I am what some might call a book hoarder. 😛
I love books. I hlove the feel of their pages; the sound of them turning. I love the smell of books. Especially old ones.
They are a part of me. A part of my family. And there is always room for more of my babies.
But then my husband, the other day, suggested we consider purging some of them. And then there was this quote I read that spoke to “getting rid of books”. ~gasp~
In The Life-Changing Magic of Tidying Up: The Japanese Art of Decluttering and Organizing author Marie Kondo, says that we should get rid of everything that does not “spark joy in our hearts.”
Books DO spark joy in my heart though. Like little else does.
I have been wanting to purge our house – go minimalist – for some time now. So I guess, my husband bringing it up, perhaps this was a sign that it was time. And perhaps it was time for me to give a bit too. So I did what was recommended. I took every single book off of the shelves, out of the drawers and out from under the tables and chairs. Slowly I went through each one deciding what to keep and what pass on. Since we are home educators too, my other thought was for my kids; for our journey.
Did it spark joy in my heart? Was it perhaps, educational for my children or would it maybe, one day, spark joy or relief in their hearts?
This was hard. I admit it. Seeing space open up on the shelves, my natural desire is to fill those holes. But then looking at the boxes that are filling up; seeing so many books that none of us had a passion for. My children bringing me books (I was surprised at some of them that they chose to let go of too!) I felt a weight lift off of my shoulders.
There is power in the tongue. There is power in the pen. As we move forward, as a family, as a homeschool, as individuals – We must be careful what we allow eyes to see. We must be wise in how we spend our time. Even in literature, there is so much out there that no good can truly come from. Charlotte Mason calls it twaddle.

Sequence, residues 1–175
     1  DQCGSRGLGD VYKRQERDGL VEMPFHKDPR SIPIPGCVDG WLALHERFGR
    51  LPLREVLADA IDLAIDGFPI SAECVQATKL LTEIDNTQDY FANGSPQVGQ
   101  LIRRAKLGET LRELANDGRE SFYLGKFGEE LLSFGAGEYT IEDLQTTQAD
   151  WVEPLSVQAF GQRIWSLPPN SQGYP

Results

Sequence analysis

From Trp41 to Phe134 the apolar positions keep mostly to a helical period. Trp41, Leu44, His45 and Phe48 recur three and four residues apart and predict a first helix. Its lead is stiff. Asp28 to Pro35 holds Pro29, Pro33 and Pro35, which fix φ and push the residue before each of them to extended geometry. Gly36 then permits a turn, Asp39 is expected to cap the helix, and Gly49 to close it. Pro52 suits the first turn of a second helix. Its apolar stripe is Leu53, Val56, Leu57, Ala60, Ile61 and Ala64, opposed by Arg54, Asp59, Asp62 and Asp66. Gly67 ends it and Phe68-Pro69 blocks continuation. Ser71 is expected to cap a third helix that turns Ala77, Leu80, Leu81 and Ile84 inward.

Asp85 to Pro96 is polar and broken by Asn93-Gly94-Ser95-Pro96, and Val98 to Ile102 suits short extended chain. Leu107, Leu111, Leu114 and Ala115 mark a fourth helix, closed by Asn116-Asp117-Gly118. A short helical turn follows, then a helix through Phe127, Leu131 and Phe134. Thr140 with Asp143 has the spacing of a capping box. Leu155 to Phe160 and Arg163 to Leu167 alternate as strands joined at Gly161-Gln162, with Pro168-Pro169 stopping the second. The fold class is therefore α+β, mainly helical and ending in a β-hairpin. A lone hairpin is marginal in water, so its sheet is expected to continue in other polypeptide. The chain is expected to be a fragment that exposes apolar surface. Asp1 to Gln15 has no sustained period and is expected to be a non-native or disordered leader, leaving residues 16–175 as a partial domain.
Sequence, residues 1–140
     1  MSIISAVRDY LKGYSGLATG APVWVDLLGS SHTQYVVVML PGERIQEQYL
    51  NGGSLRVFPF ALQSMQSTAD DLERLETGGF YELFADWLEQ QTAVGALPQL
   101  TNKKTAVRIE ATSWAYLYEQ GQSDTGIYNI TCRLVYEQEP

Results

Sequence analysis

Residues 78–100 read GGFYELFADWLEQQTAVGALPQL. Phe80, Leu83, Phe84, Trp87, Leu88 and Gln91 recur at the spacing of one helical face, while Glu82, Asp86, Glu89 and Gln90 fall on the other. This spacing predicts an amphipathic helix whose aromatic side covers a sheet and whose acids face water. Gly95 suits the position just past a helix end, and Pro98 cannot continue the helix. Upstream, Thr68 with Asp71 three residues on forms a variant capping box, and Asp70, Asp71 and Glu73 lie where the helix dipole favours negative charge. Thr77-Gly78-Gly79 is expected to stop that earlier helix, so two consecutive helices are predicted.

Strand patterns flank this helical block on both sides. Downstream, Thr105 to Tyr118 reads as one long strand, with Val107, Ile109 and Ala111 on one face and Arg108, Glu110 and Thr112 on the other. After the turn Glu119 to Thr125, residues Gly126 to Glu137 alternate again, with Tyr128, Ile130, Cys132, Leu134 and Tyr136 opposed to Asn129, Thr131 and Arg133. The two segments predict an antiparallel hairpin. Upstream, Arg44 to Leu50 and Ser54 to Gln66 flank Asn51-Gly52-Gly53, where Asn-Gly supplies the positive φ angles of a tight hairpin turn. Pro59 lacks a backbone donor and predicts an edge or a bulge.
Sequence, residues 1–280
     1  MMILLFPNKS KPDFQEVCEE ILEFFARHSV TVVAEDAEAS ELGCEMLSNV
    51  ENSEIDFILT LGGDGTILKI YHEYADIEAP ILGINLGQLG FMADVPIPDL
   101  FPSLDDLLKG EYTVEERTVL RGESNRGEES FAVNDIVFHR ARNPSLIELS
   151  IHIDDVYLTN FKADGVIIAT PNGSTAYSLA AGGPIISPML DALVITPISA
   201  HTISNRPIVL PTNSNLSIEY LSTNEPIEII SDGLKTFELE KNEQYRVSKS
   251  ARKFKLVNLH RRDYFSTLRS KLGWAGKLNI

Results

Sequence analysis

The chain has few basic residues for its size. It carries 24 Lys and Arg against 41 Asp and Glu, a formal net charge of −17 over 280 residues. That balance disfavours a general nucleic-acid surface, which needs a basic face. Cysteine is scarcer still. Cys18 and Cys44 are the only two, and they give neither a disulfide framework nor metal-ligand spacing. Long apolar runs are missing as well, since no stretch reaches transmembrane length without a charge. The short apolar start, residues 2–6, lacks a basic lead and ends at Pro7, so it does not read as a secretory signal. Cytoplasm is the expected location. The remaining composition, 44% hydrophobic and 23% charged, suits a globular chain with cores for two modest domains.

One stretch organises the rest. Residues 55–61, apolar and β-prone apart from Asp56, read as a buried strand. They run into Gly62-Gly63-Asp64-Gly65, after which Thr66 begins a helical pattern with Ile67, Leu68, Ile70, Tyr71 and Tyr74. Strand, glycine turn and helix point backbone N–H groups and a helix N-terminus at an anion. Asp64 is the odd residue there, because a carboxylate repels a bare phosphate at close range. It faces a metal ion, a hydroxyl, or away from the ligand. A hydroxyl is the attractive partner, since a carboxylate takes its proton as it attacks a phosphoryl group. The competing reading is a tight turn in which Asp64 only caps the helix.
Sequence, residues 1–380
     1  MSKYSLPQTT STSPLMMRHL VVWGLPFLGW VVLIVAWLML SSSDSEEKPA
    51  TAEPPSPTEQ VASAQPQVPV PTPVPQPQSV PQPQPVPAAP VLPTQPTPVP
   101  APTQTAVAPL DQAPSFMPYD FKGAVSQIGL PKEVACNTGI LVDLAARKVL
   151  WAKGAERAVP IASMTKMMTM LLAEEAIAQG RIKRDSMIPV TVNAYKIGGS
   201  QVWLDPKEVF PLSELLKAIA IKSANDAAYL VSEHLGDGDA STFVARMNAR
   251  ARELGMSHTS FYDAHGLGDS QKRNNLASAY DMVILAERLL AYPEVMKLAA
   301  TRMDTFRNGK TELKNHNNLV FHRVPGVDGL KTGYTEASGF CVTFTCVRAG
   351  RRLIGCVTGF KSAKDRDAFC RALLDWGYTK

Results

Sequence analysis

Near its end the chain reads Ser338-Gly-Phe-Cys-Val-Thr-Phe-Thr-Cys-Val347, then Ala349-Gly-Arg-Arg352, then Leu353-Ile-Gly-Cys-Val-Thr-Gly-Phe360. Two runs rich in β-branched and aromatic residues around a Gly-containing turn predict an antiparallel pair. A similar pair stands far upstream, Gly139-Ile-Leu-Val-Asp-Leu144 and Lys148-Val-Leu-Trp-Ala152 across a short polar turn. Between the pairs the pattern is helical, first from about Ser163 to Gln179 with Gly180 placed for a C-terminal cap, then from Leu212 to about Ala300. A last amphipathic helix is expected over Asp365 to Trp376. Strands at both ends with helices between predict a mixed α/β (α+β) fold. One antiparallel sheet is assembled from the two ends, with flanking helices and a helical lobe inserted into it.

If you are not familiar with this term, let me share some of what I feel, are the best definitions:
“. . . the sort of diluted twaddle which is commonly thrust upon children” (Vol. 1, p. 176).
“They must grow up upon the best. There must never be a period in their lives when they are allowed to read or listen to twaddle or reading-made-easy. There is never a time when they are unequal to worthy thoughts, well put; inspiring tales, well told” (Vol. 2, p. 263).
- Second-rate, stale, predictable
“It is not possible to repeat this too often or too emphatically, for perhaps we err more in this respect than any other in bringing up children. We feed them upon the white ashes out of which the last spark of the fire of original thought has long since died. We give them second-rate story books, with stale phrases, stale situations, shreds of other people’s thoughts, stalest of stale sentiments. They complain that they know how the story will end! But that is not all; they know how every dreary page will unwind itself” (Vol. 3, p. 121).
- Goody-goody story books or highly-spiced adventures of poor quality, titillating
“What manner of book will find its way with upheaving effect into the mind of an intelligent boy or girl? We need not ask what the girl or boy likes. She very often likes the twaddle of goody-goody story books, he likes condiments, highly-spiced tales of adventure. We are all capable of liking mental food of a poor quality and a titillating nature” (Vol. 3, p. 168).
- Scrappy, weak, light reading
“Many who would not read even a brilliant novel of a certain type, sit down to read twaddle without scruple. Nothing is too scrappy, nothing is too weak to ‘pass the time!’ The ‘Scraps’ literature of railway bookstalls is symptomatic. We do not all read scraps, under whatever piquant title, but the locust-swarm of this class of literature points to the small reading power amongst us. The mischief begins in the nursery. No sooner can a child read at all than hosts of friendly people show their interest in him by a present of a ‘pretty book.’ A ‘pretty book’ is not necessarily a picture-book, but one in which the page is nicely broken up in talk or short paragraphs. Pretty books for the schoolroom age follow those for the nursery, and, nursery and schoolroom outgrown, we are ready for ‘Mudie’s’ lightest novels; the succession of ‘pretty books’ never fails us; we have no time for works of any intellectual fibre, and we have no more assimilating power than has the schoolgirl who feeds upon cheese-cakes” (Vol. 5, p. 214).
I admit, I have rather high goals for my kids’ when it comes to their learning. I expect as they grow, that they would have a love of language(s) and the intricacies (also an understanding) of words and the power held within them, and a desire to increase in learning – a love of wisdom.
While I do not stop my son from reading Garfield now and again and we definitely enjoy a bit of Calvin & Hobbes here and there, it is important that what they do, how they spend their time, is real. May we encourage, ourselves too, to be surrounded by that which changes us – which breathes life into dry bones (or brings something to life!) Truly we should never stop learning. And the greatest experiences are often the most powerful and life changing of them all.